In the first week of lockdown alone, Richard John Andrews, a small architectural practice in east London, received 16 enquiries for garden rooms.
Surprising though this was at the time, these calls were indicative of a far larger trend.
Research by the Royal Institute of British Architects (RIBA) last October showed that 20 per cent of homeowners are looking to create additional living space, while the tradesperson recommendation site Checkatrade reported a staggering 306 per cent increase in searches for garden rooms between January 2020 and January 2021.
It makes perfect sense. If many of us already found our homes a little on the bijoux side, the demands of the last 15 months – when they also had to serve as offices, schools, gyms and more – have had us increasingly eyeing the back garden and wondering whether the space could not be better used.
‘A garden room can be a lot more cost-effective and quicker to build than an extension,’ says Jo van Riemsdijk of new eco-workspace brand Modulr Space. It is also a much more straightforward proposition.
Provided it is in the back garden, under 2.5m high, doesn’t take up more than 50 per cent of the land around your house, and you’re not in a conservation area or an Area of Outstanding Natural Beauty, it is unlikely to need planning permission.
The options are endless, from simple flatpack cabins to highly specified, bespoke structures via a new generation of hybrids: architect-designed off-the-peg spaces, many spawned by the demand that lockdown unleashed.
For somewhere usable year-round, expect to pay around £6,000 for the most basic self-assembly models, but be sure to check what’s included. Foundations, if needed, can adda considerable amount to the cost, as can insulation, electrics, heating, network connections and, of course, decor.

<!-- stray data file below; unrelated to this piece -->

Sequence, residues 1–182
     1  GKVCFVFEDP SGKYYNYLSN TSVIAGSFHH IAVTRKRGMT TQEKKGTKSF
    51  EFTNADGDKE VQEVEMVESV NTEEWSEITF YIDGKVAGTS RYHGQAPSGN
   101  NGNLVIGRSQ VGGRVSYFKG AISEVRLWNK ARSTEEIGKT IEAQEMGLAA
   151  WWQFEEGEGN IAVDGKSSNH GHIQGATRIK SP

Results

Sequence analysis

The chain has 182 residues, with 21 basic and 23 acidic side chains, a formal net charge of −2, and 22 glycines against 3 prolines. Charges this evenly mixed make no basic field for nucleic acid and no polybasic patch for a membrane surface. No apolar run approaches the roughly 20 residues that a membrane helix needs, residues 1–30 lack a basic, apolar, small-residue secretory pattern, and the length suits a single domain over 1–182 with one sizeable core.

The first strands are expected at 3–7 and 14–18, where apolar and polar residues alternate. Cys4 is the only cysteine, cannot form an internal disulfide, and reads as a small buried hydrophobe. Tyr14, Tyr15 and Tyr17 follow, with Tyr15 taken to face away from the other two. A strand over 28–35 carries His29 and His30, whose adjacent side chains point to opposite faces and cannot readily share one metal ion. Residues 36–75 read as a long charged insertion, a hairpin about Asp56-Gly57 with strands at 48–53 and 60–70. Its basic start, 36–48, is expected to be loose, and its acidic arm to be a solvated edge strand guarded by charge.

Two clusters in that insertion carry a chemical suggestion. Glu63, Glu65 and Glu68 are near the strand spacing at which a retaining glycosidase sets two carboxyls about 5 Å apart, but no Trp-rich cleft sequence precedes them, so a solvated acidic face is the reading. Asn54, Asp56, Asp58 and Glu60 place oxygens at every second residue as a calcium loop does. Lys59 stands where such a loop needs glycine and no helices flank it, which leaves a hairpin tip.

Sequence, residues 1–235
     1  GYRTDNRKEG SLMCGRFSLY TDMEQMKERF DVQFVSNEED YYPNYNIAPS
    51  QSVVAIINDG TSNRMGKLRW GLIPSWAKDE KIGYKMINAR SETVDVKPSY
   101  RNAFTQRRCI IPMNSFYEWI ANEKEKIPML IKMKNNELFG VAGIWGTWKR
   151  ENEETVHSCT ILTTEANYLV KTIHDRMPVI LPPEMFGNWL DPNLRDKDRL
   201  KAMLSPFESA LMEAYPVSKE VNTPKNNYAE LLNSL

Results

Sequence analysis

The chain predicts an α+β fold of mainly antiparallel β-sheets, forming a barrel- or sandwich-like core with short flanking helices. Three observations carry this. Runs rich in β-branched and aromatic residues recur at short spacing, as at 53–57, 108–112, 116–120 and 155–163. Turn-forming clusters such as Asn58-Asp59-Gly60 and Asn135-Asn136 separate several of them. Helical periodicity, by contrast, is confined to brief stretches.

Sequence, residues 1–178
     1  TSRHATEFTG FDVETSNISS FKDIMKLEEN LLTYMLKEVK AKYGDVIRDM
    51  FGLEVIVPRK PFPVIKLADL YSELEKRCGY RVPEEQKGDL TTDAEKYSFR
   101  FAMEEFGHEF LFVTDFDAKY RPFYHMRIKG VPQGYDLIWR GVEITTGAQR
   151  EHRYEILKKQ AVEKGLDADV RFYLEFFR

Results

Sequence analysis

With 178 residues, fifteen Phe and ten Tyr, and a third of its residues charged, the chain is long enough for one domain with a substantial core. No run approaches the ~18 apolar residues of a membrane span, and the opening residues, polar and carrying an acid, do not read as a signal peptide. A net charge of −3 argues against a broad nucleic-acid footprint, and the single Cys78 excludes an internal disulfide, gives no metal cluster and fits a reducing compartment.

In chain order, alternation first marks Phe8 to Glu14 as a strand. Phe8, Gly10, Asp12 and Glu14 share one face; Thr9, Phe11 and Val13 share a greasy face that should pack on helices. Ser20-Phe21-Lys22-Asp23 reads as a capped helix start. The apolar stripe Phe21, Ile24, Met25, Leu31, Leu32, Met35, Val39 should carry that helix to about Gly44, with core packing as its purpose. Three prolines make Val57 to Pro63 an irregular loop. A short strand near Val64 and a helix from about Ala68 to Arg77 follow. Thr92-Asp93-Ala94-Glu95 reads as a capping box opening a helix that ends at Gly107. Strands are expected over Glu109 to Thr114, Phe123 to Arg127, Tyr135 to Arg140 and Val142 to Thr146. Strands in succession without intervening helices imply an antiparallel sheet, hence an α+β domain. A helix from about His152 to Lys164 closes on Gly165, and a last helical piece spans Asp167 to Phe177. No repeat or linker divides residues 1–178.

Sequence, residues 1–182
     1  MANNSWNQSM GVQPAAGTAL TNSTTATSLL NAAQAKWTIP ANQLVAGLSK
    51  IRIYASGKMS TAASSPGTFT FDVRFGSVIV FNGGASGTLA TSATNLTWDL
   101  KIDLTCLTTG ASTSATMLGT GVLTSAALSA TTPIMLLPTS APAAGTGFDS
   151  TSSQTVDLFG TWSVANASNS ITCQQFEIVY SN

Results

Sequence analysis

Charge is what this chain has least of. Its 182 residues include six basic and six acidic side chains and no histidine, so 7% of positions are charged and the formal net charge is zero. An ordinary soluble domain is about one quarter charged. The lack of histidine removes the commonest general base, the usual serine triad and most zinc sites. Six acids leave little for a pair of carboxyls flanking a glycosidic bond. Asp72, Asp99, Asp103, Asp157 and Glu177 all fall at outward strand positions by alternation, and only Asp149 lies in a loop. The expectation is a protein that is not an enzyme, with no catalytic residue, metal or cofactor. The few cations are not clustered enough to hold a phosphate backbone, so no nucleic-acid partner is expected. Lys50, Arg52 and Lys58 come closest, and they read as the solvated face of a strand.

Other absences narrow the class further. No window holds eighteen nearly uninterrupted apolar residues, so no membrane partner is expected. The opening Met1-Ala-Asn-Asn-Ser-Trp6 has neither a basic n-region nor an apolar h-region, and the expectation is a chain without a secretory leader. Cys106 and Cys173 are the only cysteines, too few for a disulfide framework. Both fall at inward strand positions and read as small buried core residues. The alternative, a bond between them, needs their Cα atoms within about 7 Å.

Many companies offer options for all these things – to a point. ‘If you have a budget of £20-30k to invest in a garden room, have a look at your local creative practices,’ says Richard Andrews. ‘You might find that they can offer something much more bespoke for you and your site for the same money as some of the pre-packaged options.’
Done well, garden rooms will add value to your home. But even if you don’t have plans to sell, you need to make sure the space works for you. As van Riemsdijk says: ‘If you’re going to sacrifice part of your garden, it needs to be amazing.’
4 OF THE BEST GARDEN ROOM BRANDS
Ready to start planning? Try one of these UK garden room makers who have bespoke and off-the-peg options to cater to a variety of plots and purposes
An offshoot of FD Architecture, this brand offers highly sustainable, environmentally conscious turnkey (fully finished) garden rooms, all designed to be repurposed. Some structures can even be taken with you when you move. From £21,000, modulr.space
Inshriach Bothy, an artist residency space in the Cairngorms National Park, was the inspiration for these cabins, which are clad in corrugated steel and Scottish larch. Available as prefab or flatpack. From £27,000, bothystores.com
The London architectural practice is branching out into prefabricated garden rooms with ‘Heid’, an attractive studio designed to maximise our connection to nature via
a large, pivoting window, sedum roof and concealed nesting boxes for birds. From £19,500 + VAT, surmanweston.com
Tile specialist Bert & May has collaborated with Box 9 Design architects on this range of rustic-yet-refined modules, which come installed with Crittal-style glazing and high quality, design-led finishes. From £27,000 + VAT, bertsbox.co.uk
This article first appeared in ELLE Decoration June 2021
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